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EMBARGOED

A reporter's PressPass is required to access this story until the embargo expires on 27-Sep-2016 11:00 AM EDT

Medicine

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Venous Thromboembolism, Postpartum, DVT, Pregnancy, Pulmonary Embolism, Chest, Cesarean Section

Cesarean Section Carries Increased Risk for Postpartum Venous Thromboembolism (VTE)

Roughly one-third of all births in Europe and North America now occur via cesarean section (CS). Following any birth, women are at an increased risk for a venous thromboembolism (VTE), but it’s believed that CS leaves women more vulnerable to VTE, blood clots, than vaginal delivery (VD). A new study published in CHEST determined that there is a link between CS and an increased absolute risk of VTE, including pulmonary embolism and deep vein thrombosis. Investigators found that CS was associated with a higher rate of overall VTE risk, with emergency CS associated with the greatest risk.

Medicine

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Penn Medicine, opioid abuse, Opioid Abuse Epidemic, Prescription Drug Abuse, oral surgery, wisdom teeth

100 Million Prescription Opioids Go Unused Each Year Following Wisdom Teeth Removal, Penn Study Estimates

More than half of opioids prescribed to patients following surgical tooth extraction – such as the removal of impacted wisdom teeth – were left unused by patients in a new study from researchers at the University of Pennsylvania’s Perelman School of Medicine and School of Dental Medicine. The authors say the surplus is troubling given the ongoing opioid epidemic and evidence showing that individuals who abuse prescription opioids often use leftover pills that were prescribed for friends or family members.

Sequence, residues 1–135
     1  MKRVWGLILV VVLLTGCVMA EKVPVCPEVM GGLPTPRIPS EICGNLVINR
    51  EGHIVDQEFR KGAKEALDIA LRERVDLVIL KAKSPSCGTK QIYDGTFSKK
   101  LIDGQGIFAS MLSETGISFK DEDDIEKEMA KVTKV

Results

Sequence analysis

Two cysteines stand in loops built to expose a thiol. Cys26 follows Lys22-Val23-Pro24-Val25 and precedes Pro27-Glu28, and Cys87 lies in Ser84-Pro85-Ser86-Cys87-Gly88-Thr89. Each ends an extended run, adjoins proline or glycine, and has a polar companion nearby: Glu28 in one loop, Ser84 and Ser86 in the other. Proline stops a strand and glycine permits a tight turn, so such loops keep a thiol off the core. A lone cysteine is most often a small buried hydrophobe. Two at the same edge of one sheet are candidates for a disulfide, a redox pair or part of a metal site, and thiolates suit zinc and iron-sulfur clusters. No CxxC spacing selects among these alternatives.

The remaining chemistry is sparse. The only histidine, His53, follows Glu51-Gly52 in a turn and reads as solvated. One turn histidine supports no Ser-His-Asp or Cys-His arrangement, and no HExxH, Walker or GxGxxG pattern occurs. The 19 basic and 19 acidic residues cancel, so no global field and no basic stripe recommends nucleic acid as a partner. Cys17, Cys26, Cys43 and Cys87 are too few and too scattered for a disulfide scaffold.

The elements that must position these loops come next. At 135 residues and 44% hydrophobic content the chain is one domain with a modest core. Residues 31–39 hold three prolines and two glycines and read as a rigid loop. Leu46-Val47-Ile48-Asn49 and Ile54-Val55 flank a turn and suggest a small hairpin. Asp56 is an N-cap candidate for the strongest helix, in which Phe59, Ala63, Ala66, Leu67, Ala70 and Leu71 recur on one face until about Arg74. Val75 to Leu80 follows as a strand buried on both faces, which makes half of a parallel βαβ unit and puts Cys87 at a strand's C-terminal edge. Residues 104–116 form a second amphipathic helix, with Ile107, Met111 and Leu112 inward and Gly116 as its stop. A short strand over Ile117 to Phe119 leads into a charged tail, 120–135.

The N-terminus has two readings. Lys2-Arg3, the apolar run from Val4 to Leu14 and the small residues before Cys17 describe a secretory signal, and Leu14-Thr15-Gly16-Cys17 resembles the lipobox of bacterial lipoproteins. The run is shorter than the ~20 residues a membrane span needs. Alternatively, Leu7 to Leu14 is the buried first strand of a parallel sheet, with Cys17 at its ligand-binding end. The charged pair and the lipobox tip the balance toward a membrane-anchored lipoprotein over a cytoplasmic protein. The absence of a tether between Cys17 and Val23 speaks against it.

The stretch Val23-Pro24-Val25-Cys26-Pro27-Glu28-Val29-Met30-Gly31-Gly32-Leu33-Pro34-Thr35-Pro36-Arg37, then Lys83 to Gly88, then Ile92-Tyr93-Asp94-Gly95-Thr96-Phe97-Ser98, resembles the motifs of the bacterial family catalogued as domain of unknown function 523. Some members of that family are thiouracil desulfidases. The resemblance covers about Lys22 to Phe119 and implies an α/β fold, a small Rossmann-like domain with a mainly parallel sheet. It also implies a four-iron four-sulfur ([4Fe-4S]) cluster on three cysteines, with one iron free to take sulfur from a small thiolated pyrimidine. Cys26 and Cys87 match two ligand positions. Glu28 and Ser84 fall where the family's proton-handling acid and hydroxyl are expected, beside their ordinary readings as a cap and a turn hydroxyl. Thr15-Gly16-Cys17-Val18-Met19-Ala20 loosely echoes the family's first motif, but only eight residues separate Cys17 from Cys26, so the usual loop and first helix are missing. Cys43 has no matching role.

Medicine

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Endoscopic Brain Surgery, Endoscopic Endonasal Skull Base Surgery , endoscopic endonasal resection of nonsecretory pituitary macroenoma , Live-stream surgery, Thomas Jefferson University and Hospital, Congress of Neurological Surgeons, James J. Evans, M.D., Marc Rosen, M.D.,

Thomas Jefferson University Hospital Surgeons James Evans and Marc Rosen Perform a Video-streamed Live Endoscopic Endonasal Surgery at Neurosurgery Meeting

Drs. Evans and Rosen perform an endoscopic endonasal resection of nonsecretory pituitary macroenoma surgery on Tuesday, September 27, 2:15–3:15 pm. The surgery is video-streamed live from Thomas Jefferson University Hospital in Philadelphia to the San Diego Convention Center, where it will be seen by thousands of meeting attendees.

Medicine

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Steve Wozniak, Billy Beane, Viktor Mayer-Schonberger, Daniel James Brown, Vice Admiral Mike Shoemaker

Steve Wozniak, Billy Beane, Daniel James Brown, Viktor Mayer-Schönberger, Akhil Amar, and VADM Mike Shoemaker Speaking at Neurosurgery Meeting

An exciting line-up of guest speakers will address thousands of leading neurosurgeons from across the globe at the Congress of Neurological Surgeons Annual Meeting in San Diego, September 24-28, 2016

Medicine

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neuro health, Neurosurgeon, Neurosurgery, Neurosurgery education, neurosurgical education, neurosurgery meetings

2016 Congress of Neurological Surgeons Annual Meeting Convenes September 24–28 in San Diego, California

The CNS holds its 2016 Annual Meeting in San Diego. The meeting theme Advance, Adapt, Achieve affirms neurosurgery’s ability to succeed by advancing innovative ideas through research, adapting treatments through knowledge, and ultimately, achieving breakthrough in patient care.

Medicine

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Critical Care, Transplantation, Clostridium Difficile, Clostridium difficile infection, fecal matter, University of Minnesota, Nursing, Transplant

Ancient Remedy Becomes Novel Approach to Treating Clostridium difficile Infection